A few days pedalling in Alsace

We crossed the Rhine again using the free ferry at Rhinau to ride for a few days in Alsace.  I love being able to cross national borders without any immigration or customs controls.  Is there anywhere in the world where this is possible besides the EU?  I also liked being back in France where I can talk to everyone.  However, the first thing we did in France was stop for a beer — something that we had become accustomed to in Germany — and that’s a mistake.  The beer is better and much cheaper in Germany.

DSCN8735 by bryandkeith on flickr

Instead of the Rhine River for this section we chose to follow the Grand Canal d’Alsace.  Our few hours pedalling along the canal were some of the fastest kilometers of the trip.  There are so many roads and bike routes in this part of Europe that it seems we’re stopping to read signs and/or look at the map every few minutes.  Because the bicycle paths often follow small tracks, finding them can be difficult and counter-intuitive.  You just need to trust the signs, and once you’ve missed a sign, it can be a lot of guesswork to get back to the route.  In the end what this means is that you go less distance in a day than you might expect.  Navigation on the canal, on the other hand, was simple.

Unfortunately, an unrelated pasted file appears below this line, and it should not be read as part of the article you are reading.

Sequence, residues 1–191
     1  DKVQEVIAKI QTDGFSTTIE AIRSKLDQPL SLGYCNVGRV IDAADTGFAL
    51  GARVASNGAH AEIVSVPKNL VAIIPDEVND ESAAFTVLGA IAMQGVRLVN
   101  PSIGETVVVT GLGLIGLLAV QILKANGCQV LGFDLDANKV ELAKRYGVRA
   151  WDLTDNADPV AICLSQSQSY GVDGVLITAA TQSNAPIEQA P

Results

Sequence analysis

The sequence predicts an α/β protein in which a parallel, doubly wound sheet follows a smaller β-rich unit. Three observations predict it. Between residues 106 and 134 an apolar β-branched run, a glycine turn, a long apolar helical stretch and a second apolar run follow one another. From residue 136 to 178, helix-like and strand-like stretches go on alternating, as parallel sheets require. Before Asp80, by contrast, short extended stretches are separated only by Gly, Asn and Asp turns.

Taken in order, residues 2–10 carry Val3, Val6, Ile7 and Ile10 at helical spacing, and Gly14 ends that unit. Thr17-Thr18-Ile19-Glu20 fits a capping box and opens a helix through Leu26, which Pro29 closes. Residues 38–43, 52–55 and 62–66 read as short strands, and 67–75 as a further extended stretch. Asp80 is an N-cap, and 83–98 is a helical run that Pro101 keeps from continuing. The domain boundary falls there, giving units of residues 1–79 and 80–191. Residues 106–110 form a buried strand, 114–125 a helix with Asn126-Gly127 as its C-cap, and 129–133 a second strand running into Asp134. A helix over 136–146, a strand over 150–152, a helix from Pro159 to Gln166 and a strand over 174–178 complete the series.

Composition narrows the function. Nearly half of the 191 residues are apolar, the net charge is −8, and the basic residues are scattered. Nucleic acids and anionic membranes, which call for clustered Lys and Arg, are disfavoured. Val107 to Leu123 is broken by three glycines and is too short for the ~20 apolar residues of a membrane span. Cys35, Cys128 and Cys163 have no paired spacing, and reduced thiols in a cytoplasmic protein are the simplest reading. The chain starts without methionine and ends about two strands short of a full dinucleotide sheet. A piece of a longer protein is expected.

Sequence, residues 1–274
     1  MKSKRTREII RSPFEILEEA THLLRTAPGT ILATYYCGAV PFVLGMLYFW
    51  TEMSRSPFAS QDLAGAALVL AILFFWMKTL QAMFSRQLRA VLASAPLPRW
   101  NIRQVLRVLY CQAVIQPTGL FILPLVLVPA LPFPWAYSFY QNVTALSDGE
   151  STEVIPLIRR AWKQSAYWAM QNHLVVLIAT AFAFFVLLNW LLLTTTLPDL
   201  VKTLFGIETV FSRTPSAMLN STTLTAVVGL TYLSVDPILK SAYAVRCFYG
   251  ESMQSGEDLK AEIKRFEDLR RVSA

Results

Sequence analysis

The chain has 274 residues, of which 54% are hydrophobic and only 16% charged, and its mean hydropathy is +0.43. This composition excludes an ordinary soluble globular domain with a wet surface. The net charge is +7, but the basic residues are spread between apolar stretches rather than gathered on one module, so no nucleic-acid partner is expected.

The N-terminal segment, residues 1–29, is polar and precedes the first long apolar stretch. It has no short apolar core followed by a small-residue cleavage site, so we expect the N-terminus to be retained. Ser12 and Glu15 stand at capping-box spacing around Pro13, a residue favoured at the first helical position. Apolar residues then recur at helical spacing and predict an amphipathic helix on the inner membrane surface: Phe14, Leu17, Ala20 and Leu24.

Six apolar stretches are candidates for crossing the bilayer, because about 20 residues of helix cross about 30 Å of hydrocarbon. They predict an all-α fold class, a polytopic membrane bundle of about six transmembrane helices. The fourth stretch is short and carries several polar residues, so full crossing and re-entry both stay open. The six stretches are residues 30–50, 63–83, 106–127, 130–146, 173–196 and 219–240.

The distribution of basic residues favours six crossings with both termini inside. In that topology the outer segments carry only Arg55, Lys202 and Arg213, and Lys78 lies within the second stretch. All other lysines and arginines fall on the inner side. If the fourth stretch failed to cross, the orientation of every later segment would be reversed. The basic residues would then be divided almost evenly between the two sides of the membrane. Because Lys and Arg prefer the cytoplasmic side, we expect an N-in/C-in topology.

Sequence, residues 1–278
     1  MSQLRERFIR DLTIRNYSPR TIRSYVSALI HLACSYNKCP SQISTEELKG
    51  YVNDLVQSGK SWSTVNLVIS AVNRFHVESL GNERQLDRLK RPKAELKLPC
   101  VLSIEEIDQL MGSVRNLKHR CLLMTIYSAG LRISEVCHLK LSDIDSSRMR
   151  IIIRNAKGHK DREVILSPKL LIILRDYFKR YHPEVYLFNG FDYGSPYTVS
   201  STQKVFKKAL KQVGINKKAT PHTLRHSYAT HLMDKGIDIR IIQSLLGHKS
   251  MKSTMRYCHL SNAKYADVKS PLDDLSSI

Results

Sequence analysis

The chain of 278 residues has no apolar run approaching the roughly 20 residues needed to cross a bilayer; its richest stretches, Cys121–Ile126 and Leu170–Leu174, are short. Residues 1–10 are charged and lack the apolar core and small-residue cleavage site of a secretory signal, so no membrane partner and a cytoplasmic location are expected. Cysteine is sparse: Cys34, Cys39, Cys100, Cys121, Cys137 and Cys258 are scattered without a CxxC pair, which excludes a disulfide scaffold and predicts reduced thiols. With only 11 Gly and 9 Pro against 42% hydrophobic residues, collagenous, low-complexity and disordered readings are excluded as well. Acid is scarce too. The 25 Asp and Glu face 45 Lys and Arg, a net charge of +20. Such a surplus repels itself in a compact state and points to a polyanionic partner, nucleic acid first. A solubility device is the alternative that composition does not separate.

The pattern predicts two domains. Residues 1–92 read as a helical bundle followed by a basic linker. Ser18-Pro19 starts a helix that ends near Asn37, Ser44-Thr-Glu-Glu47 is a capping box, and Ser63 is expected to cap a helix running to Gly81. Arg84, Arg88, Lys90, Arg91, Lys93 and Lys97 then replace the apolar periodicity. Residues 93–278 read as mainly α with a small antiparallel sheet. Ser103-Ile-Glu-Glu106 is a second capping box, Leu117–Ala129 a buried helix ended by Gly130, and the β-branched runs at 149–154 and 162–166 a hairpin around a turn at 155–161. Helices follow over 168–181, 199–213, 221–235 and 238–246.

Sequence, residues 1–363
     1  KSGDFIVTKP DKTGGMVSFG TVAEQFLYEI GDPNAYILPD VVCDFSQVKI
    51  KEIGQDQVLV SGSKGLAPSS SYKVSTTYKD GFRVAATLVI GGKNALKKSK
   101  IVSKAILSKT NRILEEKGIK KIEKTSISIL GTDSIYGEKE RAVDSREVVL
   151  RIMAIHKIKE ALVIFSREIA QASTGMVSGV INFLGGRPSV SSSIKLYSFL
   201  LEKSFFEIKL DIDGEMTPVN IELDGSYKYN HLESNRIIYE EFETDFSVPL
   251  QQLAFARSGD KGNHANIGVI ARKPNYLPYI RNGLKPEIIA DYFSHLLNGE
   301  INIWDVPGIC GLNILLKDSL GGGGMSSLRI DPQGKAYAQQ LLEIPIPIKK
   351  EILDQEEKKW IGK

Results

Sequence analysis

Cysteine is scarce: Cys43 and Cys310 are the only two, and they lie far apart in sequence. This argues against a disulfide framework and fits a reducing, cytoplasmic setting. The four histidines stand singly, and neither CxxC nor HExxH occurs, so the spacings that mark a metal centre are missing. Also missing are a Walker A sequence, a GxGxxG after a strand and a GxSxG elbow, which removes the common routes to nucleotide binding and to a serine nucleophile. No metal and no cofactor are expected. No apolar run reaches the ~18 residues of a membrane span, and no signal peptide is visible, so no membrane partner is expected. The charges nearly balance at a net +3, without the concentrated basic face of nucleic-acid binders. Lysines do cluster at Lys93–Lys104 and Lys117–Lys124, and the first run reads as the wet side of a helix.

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Riding through the heat of southern Germany

One of the reasons to go on a bicycle tour in July was to get away from the heat of Antalya where it’s 35°C every day.  I hate to come to Europe and complain about the heat, but, wow, it can be hot in southern Germany — 35°C every day!  The way we found to keep cool was to get in the water, eat ice cream, and drink beer at every opportunity.  Maybe it shouldn’t be surprising that there were lots of opportunities.

Ice cream and beer at the same time by bryandkeith on flickr
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Bicycle touring the Swiss lakes

Riding in Switzerland.  The problem with Ferda doing her first bicycle tour in Switzerland is that it sets the standard pretty high.  The bicycle routes are super, keeping cyclists away from traffic, through picturesque villages, and along the shores of stunning lakes.  We rode from Geneva to Basel via Lac Léman, Lac de Neuchâtel, and Bieler See before arriving again at the water at the Rhine River.

DSCN8443 by bryandkeith on flickr
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Two long days on the Matterhorn

There is heaps to read about the Matterhorn on the internet, but nothing I read prepared me for the mountain.  A number of months ago at a Tuesday night Patika event at Karaf in Kaleiçi, Hasan introduced me to his friend Semra who was visiting from Rize.  Hasan had been talking to both me and Semra separately about a climbing trip to Switzerland.  It was that evening that we started to seriously set our eyes on the Matterhorn.  Like many people, I read a little about the difficulty (it’s not) of the Hörnli Ridge route and said, “yes, let’s do it.”

The wind died down.  Looks good... by bryandkeith on flickr